Yet the writing feels elusive. This could be a function of narrative distance, something Belly Up has in spades. In one of the longer stories, “Arms Overhead,” events are fairly ordinary, but the two adolescent girls at its center provoke unease. Mary and Ainsley talk about plants, the ouroboros, and school, and a creepy teacher mildly humiliates one of them. But it’s never clear who they really are or what they are really like — by the end of the story are they going to turn cannibal or cheerleader?
Bullwinkel never shortens this distance, despite delivering insights both mundane and exceptional. In one scene, for instance, Mary watches her baby brother while her mother is in the kitchen:
He bunched his eyebrows and opened his toothless mouth as if he were going to scream. He sat there for a moment, silent, open-mouthed in his pre-tantrum. Mary looked at him in this state and thought it was one of the scariest things she had ever seen.
This passage is typical of Bullwinkel: from a certain vantage, yes, a child on the verge of a tantrum is terrifying, and how insightful of the author to point this out with such acute observation. But it’s not clear why it’s terrifying to Mary, or whether it matters that she is afraid.
In the opening story, “Harp,” the main character, Helen, decides to split and compartmentalize two aspects of herself after she is strongly affected by the sound of harps being tuned. There’s a deliberateness to Bullwinkel’s characterization of Helen that’s meant to indicate a comprehensive profile of the character, but the reader is kept at such a remove that it’s impossible to empathize.
Which is not to say this is essential for successful fiction, to generate empathy for characters. After all, Gaitskill’s detached stance toward her characters is part of why her work is so hypnotizing. She, too, creates characters without necessarily investing them with empathy-ready qualities, and she, too, writes with a narrative distance that approaches hostility. It’s never clear whose side she is on. Bullwinkel appears to be on the side of language, but beyond that her loyalties are murky.
Gaitskill’s 1988 debut, Bad Behavior, was a book of extraordinary, mature, complete short stories, none of which had been previously published. Bullwinkel’s collection mirrors this, as well. Her stories have appeared in tough-nut markets such as NOON and Tin House, but most of the longer stories in Belly Up are appearing for the first time, which is a surprise; these stories, like Gaitskill’s, are extraordinary, mature, and complete. They also showcase a knack for killer first sentences — “I was the type of man who got his ears cleaned,” “People kept dying and I was made to sleep in their beds,” and “There was a period of my life in which my primary source of income came from being a piece of furniture,” among them.
Gaitskill has never quite shaken the reputation — half literary wunderkind, half unabashed dominatrix — bestowed by Bad Behavior, but her later work is more interesting. This prompts curiosity about what Bullwinkel’s third or fourth book is going to be like. Will her stark sentences ever open wider than a fist? Will she combine her remarkable insight with greater empathy for her characters?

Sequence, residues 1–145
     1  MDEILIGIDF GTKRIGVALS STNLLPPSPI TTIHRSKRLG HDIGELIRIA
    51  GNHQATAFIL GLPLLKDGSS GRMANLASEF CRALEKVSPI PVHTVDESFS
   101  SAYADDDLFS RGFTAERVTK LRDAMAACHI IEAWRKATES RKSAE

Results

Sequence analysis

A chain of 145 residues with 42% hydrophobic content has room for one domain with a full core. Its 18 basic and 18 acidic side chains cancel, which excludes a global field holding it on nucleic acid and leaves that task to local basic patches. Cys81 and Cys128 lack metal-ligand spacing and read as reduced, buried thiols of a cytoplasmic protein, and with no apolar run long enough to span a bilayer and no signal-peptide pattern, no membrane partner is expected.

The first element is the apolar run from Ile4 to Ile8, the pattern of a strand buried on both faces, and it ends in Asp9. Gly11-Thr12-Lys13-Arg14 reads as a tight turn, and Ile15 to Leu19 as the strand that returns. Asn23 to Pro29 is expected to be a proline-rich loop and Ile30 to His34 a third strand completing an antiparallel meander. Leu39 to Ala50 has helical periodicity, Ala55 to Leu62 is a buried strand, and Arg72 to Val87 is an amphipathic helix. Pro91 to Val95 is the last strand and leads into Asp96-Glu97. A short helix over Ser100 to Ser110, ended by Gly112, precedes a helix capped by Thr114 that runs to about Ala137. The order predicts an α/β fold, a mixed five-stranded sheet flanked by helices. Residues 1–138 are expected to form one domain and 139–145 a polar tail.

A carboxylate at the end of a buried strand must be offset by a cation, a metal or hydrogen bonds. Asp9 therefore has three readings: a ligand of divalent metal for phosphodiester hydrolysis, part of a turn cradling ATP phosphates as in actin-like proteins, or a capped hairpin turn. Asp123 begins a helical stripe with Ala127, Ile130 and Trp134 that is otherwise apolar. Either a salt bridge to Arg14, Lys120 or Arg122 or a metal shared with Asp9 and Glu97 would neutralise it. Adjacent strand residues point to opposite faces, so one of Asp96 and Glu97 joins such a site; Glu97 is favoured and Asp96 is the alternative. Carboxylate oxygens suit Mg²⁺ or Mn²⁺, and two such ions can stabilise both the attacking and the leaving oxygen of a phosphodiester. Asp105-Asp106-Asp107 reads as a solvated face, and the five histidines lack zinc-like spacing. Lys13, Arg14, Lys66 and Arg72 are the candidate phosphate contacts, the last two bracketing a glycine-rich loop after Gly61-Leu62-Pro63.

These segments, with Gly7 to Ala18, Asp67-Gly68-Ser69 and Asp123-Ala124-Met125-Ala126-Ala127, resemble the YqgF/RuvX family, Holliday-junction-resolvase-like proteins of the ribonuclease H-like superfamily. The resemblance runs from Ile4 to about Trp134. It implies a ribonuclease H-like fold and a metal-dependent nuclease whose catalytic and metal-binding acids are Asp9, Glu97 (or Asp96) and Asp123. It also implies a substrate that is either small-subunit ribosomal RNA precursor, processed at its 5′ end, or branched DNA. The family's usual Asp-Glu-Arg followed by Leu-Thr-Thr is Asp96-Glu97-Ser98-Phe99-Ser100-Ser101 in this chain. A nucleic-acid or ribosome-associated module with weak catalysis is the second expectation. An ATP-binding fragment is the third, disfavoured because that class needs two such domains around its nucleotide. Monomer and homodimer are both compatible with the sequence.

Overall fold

In a scene in “Clamor,” Bullwinkel describes a séance from the perspectives of everyone in the room, including a young military veteran and a retired woman and her granddaughters. Feelings are matter-of-fact and quickly dispensed with, while thoughts go on and on, such as in this passage:
the older teenage daughter, Izzy, who couldn’t help thinking that for all old peoples’ whining about children being stuck in their computers, that it was the older people who were the ones usually trapped in their own world, trapped in their made-up self-constructed narratives, not the youth. It was the older people like Lillian and her Grandma Carol and most well-off retirees that just told the same origin stories over and over again regardless of whether or not they were even true.
These stories play at the boundary between work that is thought-provoking and work that is thoughtful. A consequence of the utter lack of sentiment in this volume is the sense that although the reader may be fascinated, it’s hard to say if the author or the characters are. The characters often seem to act out of boredom or routine, and the author seems implacable to the point of incuriosity. Such clinical distance reveals the ineffable from a philosophical perspective but without human warmth.
Yet, again, warmth is not necessary for exceptional fiction, just as likability is not a necessary trait of female characters, and this clinical distance is generally an asset that makes Bullwinkel’s stories appealingly alien. In “Black Tongue,” for example, the narrator performs a gruesome act and muses on her brother’s inability to cope:
[T]here are the types of people who constantly envision what it would be like to be beheaded, and there are those who don’t. My brother is the latter. He is very satisfied with his veins and the work they do to keep his blood within him. He never thinks about what would happen if they exploded and it all went wrong.
It’s hard to find fault with such skillful sentences. Still, what would these stories sound like if they had heart? In Belly Up, a profound talent has manifested, one that is experimental in the best sense. All of these stories unspool in an atmosphere of exploration. But are Bullwinkel’s future explorations going to remain remote dissections of the outside world, her pen as sharp as a scalpel? Or will she, one day, decide to crack her own sternum to see what’s under there?
Katharine Coldiron’s work has appeared in Ms., the Guardian, VIDA, the Rumpus, and elsewhere. She lives in California and blogs at the Fictator.